Decoding Nutrition Fact Labels: Fats
As you munch idly on your morning bowl of Froot Loops, you find yourself glancing over the back of the cereal box. The nutrition facts label seems simple enough at first — after all, you’ve been hearing about proteins, carbohydrates, and fats since elementary school health class. As you look beneath “Total Fat,” however, you’re surprised to find a whole slew of big, unfamiliar words; everything from “trans fat” to “monounsaturated fat.” Is this even English? you wonder dazedly. Before long, you develop a headache and cast the box to the side, reassuring yourself that proper nutrition is overrated anyway.
Fat plays a large number of roles in the human body. In addition to being a source of energy, it helps with vitamin and mineral absorption, composes cell membranes, and is essential for proper blood clotting. Unfortunately, there is a general misconception that fat is unhealthy and should be limited as much as possible in one’s diet. While it is true that excessive fat intake may lead to adverse health effects, including heart disease and high cholesterol, the complete relationship between fat and health is far more complex.
In order to properly understand this relationship, we need to understand that there are a number of different types of fats that each have a specific structure and effect on the body. The four main categories of fats delineated on most nutrition facts labels are saturated fat, polyunsaturated fat, monounsaturated fat, and trans fat. Of these, saturated fat and trans fat are generally viewed as “harmful fats,” whereas polyunsaturated and monounsaturated fat are classified as being “helpful fats.” But why?
At the molecular level, fat consists largely of hydrocarbons, in which hydrogen molecules are bonded to a backbone of carbon molecules. In general, a carbon molecule can form up to four bonds with other molecules. In a saturated fat, each carbon molecule in the interior of the backbone is bonded to two other carbons by single bonds. This leaves room for two more bonds with hydrogen molecules. Because each carbon is bonded to the maximum number of hydrogen molecules, a saturated fat is “saturated” with hydrogens. This tight packing causes saturated fat to assume a solid state at room temperature — think butter and fatty meats. It may also link diets rich in saturated fats to high cholesterol levels and an increased risk of heart disease.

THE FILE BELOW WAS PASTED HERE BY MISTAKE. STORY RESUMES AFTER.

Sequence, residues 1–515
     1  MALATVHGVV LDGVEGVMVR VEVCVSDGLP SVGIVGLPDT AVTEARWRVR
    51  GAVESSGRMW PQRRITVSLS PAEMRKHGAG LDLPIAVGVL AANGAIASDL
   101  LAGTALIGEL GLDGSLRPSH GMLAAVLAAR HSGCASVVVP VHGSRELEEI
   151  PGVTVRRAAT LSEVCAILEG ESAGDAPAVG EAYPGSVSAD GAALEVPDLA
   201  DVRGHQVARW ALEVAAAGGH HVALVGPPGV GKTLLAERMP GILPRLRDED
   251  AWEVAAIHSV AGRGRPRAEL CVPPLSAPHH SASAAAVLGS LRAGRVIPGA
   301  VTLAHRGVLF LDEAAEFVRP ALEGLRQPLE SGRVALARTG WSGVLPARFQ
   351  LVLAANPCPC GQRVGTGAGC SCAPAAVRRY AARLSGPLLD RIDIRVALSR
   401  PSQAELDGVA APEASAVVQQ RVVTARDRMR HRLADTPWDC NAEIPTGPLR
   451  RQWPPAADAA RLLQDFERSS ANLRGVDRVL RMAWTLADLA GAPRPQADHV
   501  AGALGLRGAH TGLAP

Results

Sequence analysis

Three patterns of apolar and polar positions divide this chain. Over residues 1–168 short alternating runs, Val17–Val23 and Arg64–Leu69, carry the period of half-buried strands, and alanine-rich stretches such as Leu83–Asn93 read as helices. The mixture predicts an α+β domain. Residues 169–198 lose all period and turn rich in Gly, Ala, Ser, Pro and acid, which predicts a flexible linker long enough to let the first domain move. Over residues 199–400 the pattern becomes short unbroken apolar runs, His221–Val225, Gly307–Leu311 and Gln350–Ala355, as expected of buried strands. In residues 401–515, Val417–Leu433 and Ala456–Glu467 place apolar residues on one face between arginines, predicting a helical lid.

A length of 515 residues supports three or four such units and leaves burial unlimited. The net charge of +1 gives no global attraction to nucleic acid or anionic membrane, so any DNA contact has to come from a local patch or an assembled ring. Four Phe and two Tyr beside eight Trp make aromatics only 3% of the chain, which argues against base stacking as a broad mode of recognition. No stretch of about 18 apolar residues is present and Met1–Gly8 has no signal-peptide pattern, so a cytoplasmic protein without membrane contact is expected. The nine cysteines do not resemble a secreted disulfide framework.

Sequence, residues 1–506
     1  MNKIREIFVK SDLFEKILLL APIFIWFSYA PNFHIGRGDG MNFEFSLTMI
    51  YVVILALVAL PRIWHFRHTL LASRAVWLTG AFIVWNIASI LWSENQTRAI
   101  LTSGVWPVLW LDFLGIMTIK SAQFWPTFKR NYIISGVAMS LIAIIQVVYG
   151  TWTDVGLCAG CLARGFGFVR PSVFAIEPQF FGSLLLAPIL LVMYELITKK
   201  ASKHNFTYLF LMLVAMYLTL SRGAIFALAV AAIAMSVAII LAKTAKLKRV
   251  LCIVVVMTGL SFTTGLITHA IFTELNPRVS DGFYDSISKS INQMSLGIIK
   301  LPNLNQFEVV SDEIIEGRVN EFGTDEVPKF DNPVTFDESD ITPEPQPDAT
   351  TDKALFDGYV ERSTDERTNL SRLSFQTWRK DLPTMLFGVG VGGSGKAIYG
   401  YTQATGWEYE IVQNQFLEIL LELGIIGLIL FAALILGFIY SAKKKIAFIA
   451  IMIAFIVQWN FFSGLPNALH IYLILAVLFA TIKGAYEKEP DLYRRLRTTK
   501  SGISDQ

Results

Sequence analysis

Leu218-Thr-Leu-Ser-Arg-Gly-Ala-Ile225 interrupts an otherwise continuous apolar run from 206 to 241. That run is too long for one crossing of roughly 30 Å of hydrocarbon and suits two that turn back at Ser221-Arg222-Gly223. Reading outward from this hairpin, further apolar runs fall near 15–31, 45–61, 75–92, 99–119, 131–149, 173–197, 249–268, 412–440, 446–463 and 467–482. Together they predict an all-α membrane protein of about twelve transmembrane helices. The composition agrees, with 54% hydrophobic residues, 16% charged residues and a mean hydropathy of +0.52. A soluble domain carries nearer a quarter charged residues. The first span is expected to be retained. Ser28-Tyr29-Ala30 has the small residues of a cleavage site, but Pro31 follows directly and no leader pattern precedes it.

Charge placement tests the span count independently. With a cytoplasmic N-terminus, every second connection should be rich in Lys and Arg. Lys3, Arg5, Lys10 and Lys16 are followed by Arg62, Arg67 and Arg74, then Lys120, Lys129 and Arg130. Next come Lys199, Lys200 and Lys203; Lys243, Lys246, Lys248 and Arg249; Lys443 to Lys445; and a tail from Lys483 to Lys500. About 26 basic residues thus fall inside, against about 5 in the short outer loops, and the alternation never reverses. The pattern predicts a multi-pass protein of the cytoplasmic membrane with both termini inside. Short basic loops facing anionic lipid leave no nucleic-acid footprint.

Whereas the carbon molecules in a saturated fat are linked entirely by single bonds, an unsaturated fat has one or more double bonds in the carbon backbone. The carbon molecules involved in the double bond can then only bond to one additional hydrogen molecule each. Since the fat molecule no longer contains the maximum number of hydrogens, it is described as being “unsaturated.” The double bond also puts a kink in the hydrocarbon structure, which prevents fat molecules from tightly packing. This is why unsaturated fats are liquids at room temperature — think oils.
A monounsaturated fat contains only one double bond in the carbon skeleton, meaning that it has two fewer hydrogen atoms than a saturated fat of the same length. Common sources of monounsaturated fats include olive oil, avocados, and most nuts.
It follows that a polyunsaturated fat contains more than one double bond in the carbon skeleton. Polyunsaturated fats are also known as omega-3 and omega-6 fatty acids, which are commonly found in corn oil, canola oil, and fatty fish. Both types of unsaturated fats are believed to improve heart health when consumed in place of saturated fat.
While small amounts of trans fat do occur in nature, the large majority is artificially produced through a process called partial hydrogenation. This injects liquid unsaturated fat with hydrogen atoms to convert it into a form that is more solid at room temperature — think margarine and shortening.
Partial hydrogenation also converts the type of double bond present in the carbon skeleton. Double bonds can exist in two forms, “cis” and “trans,” which correspond to different molecular shapes. Naturally-occurring unsaturated fats have “cis” double bonds; after partial hydrogenation, these are changed to “trans” double bonds. While this increases shelf life and enhances flavor, it can have disastrous health effects. High trans fat intake has been shown to increase harmful cholesterol levels, contribute to inflammation that can induce heart disease and stroke, and increase the risk of type 2 diabetes. Hence, processed foods that contain trans fat or “partially hydrogenated oils” should absolutely be avoided.
Rather than shunning fat altogether, it’s important to distinguish between the different types of dietary fat and make appropriate eating choices. There is a huge difference between big words like “saturated” and “polyunsaturated,” and picking one over the other can produce a variety of health benefits. The next time you find yourself reading a nutrition facts label, keep in mind that proper nutrition may not be so overrated after all.
“Dietary fats: Know which types to choose.” Mayo Clinic, 2 Feb. 2016, https://www.mayoclinic.org/healthy-lifestyle/nutrition-and-healthy-eating/in-depth/fat/art-20045550. Accessed 18 Nov. 2018.
“The truth about fats: the good, the bad, and the in-between.” Harvard Health Publishing, 13 Aug. 2018, https://www.health.harvard.edu/staying-healthy/the-truth-about-fats-bad-and-good. Accessed 18 Nov. 2018.
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